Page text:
Jazz singer, actor, and civil rights activist Lena Horne died today at the age of 92. During the first part of her career, Horne was, like other African American musicians and entertainers, allowed to entertain white audiences she was barred from socializing with. According to wikipedia, both sides of Horne's family belonged to the "Talented Tenth," and her mother was an actress with a black theater troupe that traveled extensively. Her career began in 1933, in the chorus line of the Cotton Club. Horne mostly worked in nightclubs, though she also spent some time in Hollywood, which must have been an incredibly frustrating experience. Here's a part of wikipedia's description:
She made her debut with MGM in Panama Hattie (1942) and performed the title song of Stormy Weather (1943), which she made at 20th Century Fox, on loan from MGM. She appeared in a number of MGM musicals, most notably Cabin in the Sky (also 1943), but was never featured in a leading role because of her race and the fact that films featuring her had to be re-edited for showing in states where theaters could not show films with black performers. As a result, most of Horne's film appearances were stand-alone sequences that had no bearing on the rest of the film, so editing caused no disruption to the storyline; a notable exception was the all-black musical Cabin in the Sky, although one number was cut because it was considered too suggestive by the censors. "Ain't it the Truth" was the song (and scene) cut before the release of the film Cabin in the Sky. It featured Horne singing "Ain't it the Truth", while taking a bubble bath (considered too "risqué" by the film's executives). This scene and song are featured in the film That's Entertainment! III (1994) which also featured commentary from Horne on why the scene was deleted prior to the film's release.Verena Dobnik writes in her obituary of Horne for the Huffington Post:
In Ziegfeld Follies (1946) she performs "Love" by Hugh Martin and Ralph Blane. Horne wanted to be considered for the role of Julie LaVerne in MGM's 1951 version of Show Boat (having already played the role when a segment of Show Boat was performed in Till the Clouds Roll By) but lost the part to Ava Gardner, a personal friend in real life, due to the Production Code's ban on interracial relationships in films.
Horne was perpetually frustrated with racism.About Horne's activism, Dobkin writes:
"I was always battling the system to try to get to be with my people. Finally, I wouldn't work for places that kept us out. ... It was a damn fight everywhere I was, every place I worked, in New York, in Hollywood, all over the world," she said in Brian Lanker's book "I Dream a World: Portraits of Black Women Who Changed America."
While at MGM, Horne starred in the all-black "Cabin in the Sky," but in most movies, she appeared only in musical numbers that could be cut when shown in the South and she was denied major roles and speaking parts. Horne, who had appeared in the role of Julie in a "Show Boat" scene in a 1946 movie about Jerome Kern, seemed a logical choice for the 1951 movie, but the part went to a white actress, Ava Gardner, who did not sing.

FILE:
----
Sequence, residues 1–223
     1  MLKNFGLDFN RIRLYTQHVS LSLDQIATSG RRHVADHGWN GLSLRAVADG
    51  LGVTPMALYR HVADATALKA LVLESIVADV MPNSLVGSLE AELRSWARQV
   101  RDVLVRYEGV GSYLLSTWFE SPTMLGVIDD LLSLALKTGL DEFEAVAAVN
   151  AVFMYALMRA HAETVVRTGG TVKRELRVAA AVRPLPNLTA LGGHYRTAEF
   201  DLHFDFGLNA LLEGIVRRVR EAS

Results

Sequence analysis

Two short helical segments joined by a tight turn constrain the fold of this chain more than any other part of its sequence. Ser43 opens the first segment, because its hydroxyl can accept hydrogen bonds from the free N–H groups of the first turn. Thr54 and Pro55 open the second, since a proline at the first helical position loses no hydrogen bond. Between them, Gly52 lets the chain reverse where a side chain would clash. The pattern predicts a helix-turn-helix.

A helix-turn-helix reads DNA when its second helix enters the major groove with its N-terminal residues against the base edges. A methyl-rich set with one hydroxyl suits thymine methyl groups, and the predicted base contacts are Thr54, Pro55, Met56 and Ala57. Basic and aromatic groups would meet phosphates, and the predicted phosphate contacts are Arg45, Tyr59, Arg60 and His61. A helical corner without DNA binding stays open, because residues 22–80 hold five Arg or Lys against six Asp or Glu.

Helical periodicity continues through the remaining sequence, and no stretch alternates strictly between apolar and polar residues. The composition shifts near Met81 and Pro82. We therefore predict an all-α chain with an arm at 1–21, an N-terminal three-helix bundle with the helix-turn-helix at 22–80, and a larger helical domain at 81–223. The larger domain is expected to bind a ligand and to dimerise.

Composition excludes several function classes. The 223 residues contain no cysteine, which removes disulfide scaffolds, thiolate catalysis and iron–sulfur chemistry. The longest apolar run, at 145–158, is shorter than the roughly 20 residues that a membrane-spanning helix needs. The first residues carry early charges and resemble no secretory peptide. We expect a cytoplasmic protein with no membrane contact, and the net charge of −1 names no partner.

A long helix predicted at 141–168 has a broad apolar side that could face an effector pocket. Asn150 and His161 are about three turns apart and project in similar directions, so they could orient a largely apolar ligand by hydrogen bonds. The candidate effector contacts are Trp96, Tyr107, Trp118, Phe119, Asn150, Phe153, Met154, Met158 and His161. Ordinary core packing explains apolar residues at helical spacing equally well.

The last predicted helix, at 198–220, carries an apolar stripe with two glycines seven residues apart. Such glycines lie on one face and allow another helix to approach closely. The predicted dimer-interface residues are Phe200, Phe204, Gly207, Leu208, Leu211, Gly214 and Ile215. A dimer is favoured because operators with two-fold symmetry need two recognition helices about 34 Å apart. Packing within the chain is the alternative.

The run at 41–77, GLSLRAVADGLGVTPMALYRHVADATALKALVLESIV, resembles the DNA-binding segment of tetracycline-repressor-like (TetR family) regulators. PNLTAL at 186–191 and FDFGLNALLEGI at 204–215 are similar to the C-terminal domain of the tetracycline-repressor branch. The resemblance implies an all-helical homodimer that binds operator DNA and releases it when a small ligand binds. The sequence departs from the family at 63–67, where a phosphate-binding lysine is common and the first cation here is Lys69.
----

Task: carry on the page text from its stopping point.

"Metro's cowardice deprived the musical (genre) of one of the great singing actresses," film historian John Kobal wrote.
"She was a very angry woman," said film critic-author-documentarian Richard Schickel, who worked with Horne on her 1965 autobiography.
"It's something that shaped her life to a very high degree. She was a woman who had a very powerful desire to lead her own life, to not be cautious and to speak out. And she was a woman, also, who felt in her career that she had been held back by the issue of race. So she had a lot of anger and disappointment about that."
Early in her career, Horne cultivated an aloof style out of self-preservation. Later, she embraced activism, breaking loose as a voice for civil rights and as an artist. In the last decades of her life, she rode a new wave of popularity as a revered icon of American popular music.
Horne was only 2 when her grandmother, a prominent member of the Urban League and the National Association for the Advancement of Colored People, enrolled her in the NAACP. But she avoided activism until 1945 when she was entertaining at an Army base and saw German prisoners of war sitting up front while black American soldiers were consigned to the rear.Horne won four Grammys and was nominated for four more. Among her many other honors was a Special Citation from the New York Drama Critics Circle Awards, another Special Citation from the Tony Awards, and the ASCAP Pied Piper Award (for "significant contributions to words and music).
That pivotal moment channeled her anger into something useful.
She got involved in various social and political organizations and, partly because of a friendship with singer-actor-activist Paul Robeson, was blacklisted during the red-hunting McCarthy era.
By the 1960s, Horne was one of the most visible celebrities in the civil rights movement, once throwing a lamp at a customer who made a racial slur in a Beverly Hills restaurant and, in 1963, joining 250,000 others in the March on Washington for Jobs and Freedom when Martin Luther King Jr. gave his "I Have a Dream" speech. Horne also spoke at a rally that year with another civil rights leader, Medgar Evers, just days before his assassination.
The next decade brought her first to a low point, then to a fresh burst of artistry. She appeared in her last movie in 1978, playing Glinda the Good in "The Wiz," directed by her son-in-law, Sidney Lumet.